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  April 18, 1999

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A rasslin' fan ducks the jabs
Loud and lewd, WWF is not the wrestling you grew up with

By DARCY ANDERSON -- Edmonton Sun

 As a lifelong rasslin' fan, I can't tell you how many times I've had this jab levelled at me, "How can you watch that childish garbage?''
 Well, in the minds of those who mock me, it'll likely always be garbage, but by no means is it kids' stuff any more.
 You see, the World Wrestling Federation of today isn't exactly the old Saturday afternoon wrestling show you grew up watching. That is, unless that show boasted amongst it's stable of characters, an ex-porn-star, a pimp and an agent of evil who on occasion sacrifices his opponents.
 Pro wrestling is no longer grown men running around a ring in their underwear. Now it's grown men - and women - running around in their underwear ... spewing vulgarities, gesturing obscenely and pummeling one another with really neat weapons (everything from cookie sheets to watermelons and other fresh produce to the old-favourite, a folding chair).
 Enough to make noble warriors of yesteryear like Bruno Sammartino and Lou Thesz shudder in disgust.
Stone Cold Steve Austin cartoon by Fred Curatolo, Edmonton Sun

 WWF owner Vince McMahon sees his weekly prime-time extravaganzas as part action-adventure, part-melodrama, part-comedy and, of course, a whole lotta cartoon.
 It ain't Masterpiece Theatre, as they say, but damn, is it fun!
 But this brash style of the WWF, which renewed my interest in the mat wars about three years ago, has also drawn a healthy parade of detractors.
 Dateline NBC, ESPN's Outside the Lines, and Inside Edition are among the high-profile news programs that have produced pieces in the last year denouncing the current WWF product.
 McMahon makes no bones about the fact that their brand of entertainment has become quite adult, but he defends his company by saying it's no different than anything Hollywood produces. And he's right.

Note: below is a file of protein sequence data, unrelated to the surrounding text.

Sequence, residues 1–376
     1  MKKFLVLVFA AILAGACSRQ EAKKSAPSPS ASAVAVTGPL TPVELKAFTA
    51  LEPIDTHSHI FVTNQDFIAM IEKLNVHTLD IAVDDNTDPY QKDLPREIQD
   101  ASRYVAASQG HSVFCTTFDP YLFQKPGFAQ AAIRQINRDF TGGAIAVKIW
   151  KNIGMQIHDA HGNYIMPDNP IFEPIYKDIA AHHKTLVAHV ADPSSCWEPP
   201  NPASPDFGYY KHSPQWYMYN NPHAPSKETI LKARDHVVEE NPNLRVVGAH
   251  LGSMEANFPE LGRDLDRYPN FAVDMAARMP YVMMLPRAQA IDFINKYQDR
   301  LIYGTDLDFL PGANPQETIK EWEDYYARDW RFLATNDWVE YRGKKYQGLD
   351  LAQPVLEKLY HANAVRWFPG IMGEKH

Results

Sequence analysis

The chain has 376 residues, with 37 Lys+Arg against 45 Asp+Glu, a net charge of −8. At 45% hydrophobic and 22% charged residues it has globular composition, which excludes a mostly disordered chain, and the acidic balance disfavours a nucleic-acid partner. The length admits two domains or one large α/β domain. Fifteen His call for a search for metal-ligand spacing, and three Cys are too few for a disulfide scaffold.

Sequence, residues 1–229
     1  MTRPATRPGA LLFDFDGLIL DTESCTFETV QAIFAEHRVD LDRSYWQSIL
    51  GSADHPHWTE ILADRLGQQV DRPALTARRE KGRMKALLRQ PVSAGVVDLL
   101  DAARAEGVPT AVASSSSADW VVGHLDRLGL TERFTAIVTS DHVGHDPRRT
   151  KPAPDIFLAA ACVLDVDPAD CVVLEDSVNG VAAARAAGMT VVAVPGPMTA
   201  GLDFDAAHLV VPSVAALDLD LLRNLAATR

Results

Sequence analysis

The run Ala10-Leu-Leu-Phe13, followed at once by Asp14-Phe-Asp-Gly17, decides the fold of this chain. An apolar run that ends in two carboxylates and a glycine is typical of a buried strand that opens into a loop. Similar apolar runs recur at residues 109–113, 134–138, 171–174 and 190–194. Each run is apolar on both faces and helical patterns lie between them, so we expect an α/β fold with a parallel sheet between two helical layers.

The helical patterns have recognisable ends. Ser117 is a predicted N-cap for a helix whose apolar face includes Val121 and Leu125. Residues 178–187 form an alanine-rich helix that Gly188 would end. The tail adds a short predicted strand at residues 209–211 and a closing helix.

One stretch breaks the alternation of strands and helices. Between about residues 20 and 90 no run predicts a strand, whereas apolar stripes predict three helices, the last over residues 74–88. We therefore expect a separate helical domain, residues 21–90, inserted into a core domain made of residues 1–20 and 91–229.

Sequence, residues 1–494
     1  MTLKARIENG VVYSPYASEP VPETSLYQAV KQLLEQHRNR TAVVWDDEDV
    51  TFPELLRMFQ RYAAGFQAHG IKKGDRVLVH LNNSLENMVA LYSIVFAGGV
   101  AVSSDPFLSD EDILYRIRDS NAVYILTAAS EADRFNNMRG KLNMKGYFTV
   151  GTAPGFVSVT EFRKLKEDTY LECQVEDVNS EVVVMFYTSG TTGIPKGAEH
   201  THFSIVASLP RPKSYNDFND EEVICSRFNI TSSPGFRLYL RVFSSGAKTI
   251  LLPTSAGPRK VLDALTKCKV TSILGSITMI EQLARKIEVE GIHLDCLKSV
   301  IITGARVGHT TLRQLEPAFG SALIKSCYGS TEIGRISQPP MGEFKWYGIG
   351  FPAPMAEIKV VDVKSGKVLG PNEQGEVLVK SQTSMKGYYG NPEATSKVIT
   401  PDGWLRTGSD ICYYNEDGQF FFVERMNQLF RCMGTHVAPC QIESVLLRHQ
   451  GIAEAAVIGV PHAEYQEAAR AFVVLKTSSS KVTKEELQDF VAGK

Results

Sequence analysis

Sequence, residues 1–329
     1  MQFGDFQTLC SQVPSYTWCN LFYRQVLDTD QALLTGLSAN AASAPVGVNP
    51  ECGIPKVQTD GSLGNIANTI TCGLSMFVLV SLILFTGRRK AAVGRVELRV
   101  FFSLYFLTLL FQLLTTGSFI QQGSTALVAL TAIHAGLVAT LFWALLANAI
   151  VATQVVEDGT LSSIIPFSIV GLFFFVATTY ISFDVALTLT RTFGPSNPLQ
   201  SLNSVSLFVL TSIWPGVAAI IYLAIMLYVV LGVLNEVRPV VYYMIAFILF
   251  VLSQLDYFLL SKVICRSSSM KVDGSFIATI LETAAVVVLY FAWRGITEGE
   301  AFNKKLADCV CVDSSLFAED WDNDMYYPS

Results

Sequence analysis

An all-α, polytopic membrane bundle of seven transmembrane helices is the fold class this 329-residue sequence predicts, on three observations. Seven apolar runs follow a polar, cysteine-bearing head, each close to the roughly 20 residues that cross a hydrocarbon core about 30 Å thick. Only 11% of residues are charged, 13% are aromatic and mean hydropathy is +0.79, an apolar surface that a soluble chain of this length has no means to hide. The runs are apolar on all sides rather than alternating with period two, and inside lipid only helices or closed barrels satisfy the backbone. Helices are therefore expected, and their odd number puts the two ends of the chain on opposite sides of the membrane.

Prime-time TV is chock-full of programs that are just as risque as the WWF.
 This controversy hasn't weakened McMahon or the WWF one bit.
 RAW is WAR, the WWF's signature program, routinely draws more than 4.5 million American viewers each Monday night - up over 200% from two years ago. It is currently the most-watched weekly cable program in the United States and is also one of the highest-rated shows on TSN in Canada, averaging 500,000 viewers weekly.
 It's even hotter than it was during the mid-'80s when pro-wrestling first reached mainstream pop-culture.
 You can't swing a dead cat (hey, now that would be a cool foreign object for a hard-core match) without hitting a WWF superstar on a talk show or on the cover of a magazine. "Stone Cold'' Steve Austin on Nash Bridges, Sable gracing the cover of the biggest-selling Playboy in 15 years - the list goes on and on.
 And the evolution of the WWF, as McMahon sees it, isn't finished just yet. It's been said that he envisions a day in the not too distant future when he no longer must use the word "wrestling" to describe his product.
 He's almost there.
 During RAW, there is, on average, about 30-40 minutes of actual mat action out of a two-hour program. The remainder of time is packed with catchphrase-filled interviews, backstage shenanigans and a bevy of scantily clad babes.
 It all comes together to form often quite intricate and entertaining storylines.
 Critics go on to charge that the WWF seems to be marketing its product towards kids.
 Well, the WWF stresses that its prime-time product is intended for a mature audience, while it continues to produce separate Saturday morning shows that are geared towards the rugrats of the house.
 And at the risk of sounding like a shill for the WWF, parents, if you don't want your kids watching it, don't let them. It's really that simple.
 While I don't have kids, I'm quite certain if I did, RAW is one program I wouldn't be too keen on them watching.
 I, on the other hand, wouldn't be missing an episode.
 The WWF most certainly is not for everyone. It goes over the edge quite regularly and offends hordes of people every week.
 Is it further evidence of the decay of our Jerry Springer-ized society? Maybe. But I prefer this slightly less-profound way of looking at it. Mindless chuckles for a mature audience.
 Well, maybe mature isn't the best description, but you know what I mean.